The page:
Movie Review: ‘Despicable Me’

Gabriel Stoffa

When I was a kid, I discovered Mad Magazine’s: “Spy vs. Spy.” I still like it today.

Then came the previews for “Despicable Me.” Despite being targeted to kids, I was interested because it reminded me of those crazy spies.

“Despicable Me” involves a villain that is competing with another villain to be the best bad-guy in the business. This is so very “Spy vs. Spy” I couldn’t believe it.

The main villain, Gru, is voiced by Steve Carrell, while his nemesis, Vector, is voiced by Jason Segel. Two very funny actors whose voices lend talent, but weren’t utilized to their fullest for the movie; but it was still fine.

As to the actual content, the film has a solid line-up of over-the-top characters to keep the audience laughing, as well as three of the cutest, spunkiest orphan girls since “Annie,” which the movie happens to reference.

Unfortunately, there are these little yellow minion things that work for Gru. I don’t know what they are. All I can determine is whoever created these things — be it the writers or producers or some other executive — thought they would be cute and help the movie.

They are sorta funny in that classic lackey way, but they could have been people instead and have been a lot better. I assume the yellow things were added to appeal to toddlers. On the plus side, if you watch the movie a second time, they do some funny things in background shots.

Which brings me to my biggest disagreement with the movie: The needless bit of pandering to child audiences.

“Despicable Me” is a fairly dark movie. It is about bad-guys that steal things and want to wreak havoc upon people for their own personal pleasure. They have no qualms with killing others or destroying property. They are villains. To make Gru more lovable, he has to adopt three little orphan girls in order to succeed with a cockamamie plan to steal a shrink ray from Vector.

I am completely fine with his ludicrous plans akin to Wile E. Coyote‘s attempts to capture the roadrunner. I am completely fine with the wonderfully classic cartoonish results from explosions and blunt-force trauma. I am completely fine with his blossoming adoration for the orphan girls.

What I am not fine with, are the instances where the movie could have kept its dark setting and still been funny and appealing to children — Looney Tunes and Merrie Melodies did it for years — but instead became too childish … nah, I’m only kidding. I just felt odd not having much to complain about.

There really aren’t any logical complaints I can make about this movie. It didn’t really pander, and it is great for all ages.

I have been and always will be a huge fan of the old-school cartoon stylings where violence is portrayed because it can be funny, and doesn’t give in to the nut-job, attention-grabbing parent groups that want to blame TV instead of themselves.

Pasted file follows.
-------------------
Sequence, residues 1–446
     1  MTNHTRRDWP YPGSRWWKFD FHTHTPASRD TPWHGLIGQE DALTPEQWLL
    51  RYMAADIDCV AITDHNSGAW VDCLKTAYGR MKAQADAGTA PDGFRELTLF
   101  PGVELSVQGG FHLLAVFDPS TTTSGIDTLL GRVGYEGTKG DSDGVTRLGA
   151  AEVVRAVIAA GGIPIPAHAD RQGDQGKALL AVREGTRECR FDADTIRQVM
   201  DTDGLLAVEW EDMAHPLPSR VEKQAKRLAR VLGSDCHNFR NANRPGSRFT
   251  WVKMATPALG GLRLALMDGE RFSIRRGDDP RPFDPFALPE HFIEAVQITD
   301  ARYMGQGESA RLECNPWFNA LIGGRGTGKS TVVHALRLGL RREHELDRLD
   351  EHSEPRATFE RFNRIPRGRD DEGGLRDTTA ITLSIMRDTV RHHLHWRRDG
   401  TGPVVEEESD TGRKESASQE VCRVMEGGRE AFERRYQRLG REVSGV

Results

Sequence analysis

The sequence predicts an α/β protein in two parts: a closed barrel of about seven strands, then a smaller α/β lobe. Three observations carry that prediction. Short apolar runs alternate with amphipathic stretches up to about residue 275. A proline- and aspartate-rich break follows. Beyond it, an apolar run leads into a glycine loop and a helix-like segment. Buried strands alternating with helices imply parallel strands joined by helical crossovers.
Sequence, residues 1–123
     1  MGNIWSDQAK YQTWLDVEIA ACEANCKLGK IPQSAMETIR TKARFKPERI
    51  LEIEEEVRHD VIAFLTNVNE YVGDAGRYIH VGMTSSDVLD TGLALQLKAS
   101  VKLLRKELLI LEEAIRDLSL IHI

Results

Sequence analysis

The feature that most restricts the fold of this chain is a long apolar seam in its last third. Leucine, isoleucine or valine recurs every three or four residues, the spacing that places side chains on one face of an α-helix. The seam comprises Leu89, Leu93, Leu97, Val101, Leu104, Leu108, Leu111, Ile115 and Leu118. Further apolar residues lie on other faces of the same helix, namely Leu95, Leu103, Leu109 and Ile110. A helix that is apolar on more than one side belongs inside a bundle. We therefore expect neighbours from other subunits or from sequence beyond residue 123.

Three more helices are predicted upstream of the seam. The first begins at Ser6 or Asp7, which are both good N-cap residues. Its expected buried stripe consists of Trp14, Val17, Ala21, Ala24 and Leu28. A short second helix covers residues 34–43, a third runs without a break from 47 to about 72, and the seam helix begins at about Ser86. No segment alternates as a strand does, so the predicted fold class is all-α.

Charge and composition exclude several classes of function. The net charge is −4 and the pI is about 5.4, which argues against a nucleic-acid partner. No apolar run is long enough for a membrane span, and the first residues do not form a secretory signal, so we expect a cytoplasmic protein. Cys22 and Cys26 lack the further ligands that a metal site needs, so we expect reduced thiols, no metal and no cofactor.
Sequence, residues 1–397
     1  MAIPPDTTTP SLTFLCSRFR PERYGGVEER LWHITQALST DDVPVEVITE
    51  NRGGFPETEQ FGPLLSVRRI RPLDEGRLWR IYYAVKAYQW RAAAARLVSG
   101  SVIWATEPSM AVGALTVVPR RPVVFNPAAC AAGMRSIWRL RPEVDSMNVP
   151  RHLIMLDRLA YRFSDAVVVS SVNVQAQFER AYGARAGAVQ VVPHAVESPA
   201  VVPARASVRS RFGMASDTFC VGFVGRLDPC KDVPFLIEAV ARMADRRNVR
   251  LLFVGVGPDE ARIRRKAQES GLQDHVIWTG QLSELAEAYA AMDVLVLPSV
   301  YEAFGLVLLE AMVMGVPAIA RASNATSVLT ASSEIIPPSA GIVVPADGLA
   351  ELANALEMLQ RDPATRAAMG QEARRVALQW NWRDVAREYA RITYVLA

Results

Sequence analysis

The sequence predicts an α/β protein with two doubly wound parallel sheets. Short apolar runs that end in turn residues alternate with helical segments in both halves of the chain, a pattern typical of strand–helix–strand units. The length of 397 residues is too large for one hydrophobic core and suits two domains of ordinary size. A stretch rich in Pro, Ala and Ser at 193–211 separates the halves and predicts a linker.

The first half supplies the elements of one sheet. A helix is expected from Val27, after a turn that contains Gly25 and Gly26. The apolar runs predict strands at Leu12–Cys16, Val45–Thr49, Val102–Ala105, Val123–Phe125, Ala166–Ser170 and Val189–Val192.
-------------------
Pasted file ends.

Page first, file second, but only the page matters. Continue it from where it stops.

Many of those groups try so hard to eliminate exposure to violent images for children, that they prevent a great deal of classic creative material from seeing the light of day.

Thankfully, “Despicable Me” made the cut — though I expect there is very much more dark version of the script kicking around on someone’s computer.

“Despicable Me” is a marvelous animated movie that kicks back to the cartoons from days of yore. There are great references for those with a love for noticing tiny details. The violence is fun and just dark enough to not become stupid like most current cartoons not on “Adult Swim.” Best of all, the messages are simple and efficient; worthwhile advancements of characters in an animated film.

This is one of those rare times I would advise anyone and everyone to go out and watch this movie:

If you’re an older adult, you’ll remember getting up early for Saturday morning cartoons that weren’t lame like the later “Pokemon” or “Yu-Gi-Oh!” cartoons. If you’re a younger adult, you’ll likely appreciate the light mature references much like those made in “The Muppet Show” and even “Muppet Babies.” And if you’re still young but barely considered adultish, you’ll still love “Despicable Me” and marvel at how cool an older style of cartoons can be — and hopefully gain the interest to look back into some of the older shows mentioned in this article.

This summer you’ve been given an opportunity to get away from the mega-blockbuster franchises to see something stand-alone entertaining.

So, just go see “Despicable Me.”